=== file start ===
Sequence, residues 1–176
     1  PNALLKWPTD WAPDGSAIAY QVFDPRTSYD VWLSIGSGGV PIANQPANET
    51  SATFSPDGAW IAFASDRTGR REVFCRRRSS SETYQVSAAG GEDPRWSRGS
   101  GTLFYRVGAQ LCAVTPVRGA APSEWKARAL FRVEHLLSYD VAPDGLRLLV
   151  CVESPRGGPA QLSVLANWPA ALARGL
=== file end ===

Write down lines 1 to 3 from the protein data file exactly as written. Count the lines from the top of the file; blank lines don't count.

Sequence, residues 1–176
     1  PNALLKWPTD WAPDGSAIAY QVFDPRTSYD VWLSIGSGGV PIANQPANET
    51  SATFSPDGAW IAFASDRTGR REVFCRRRSS SETYQVSAAG GEDPRWSRGS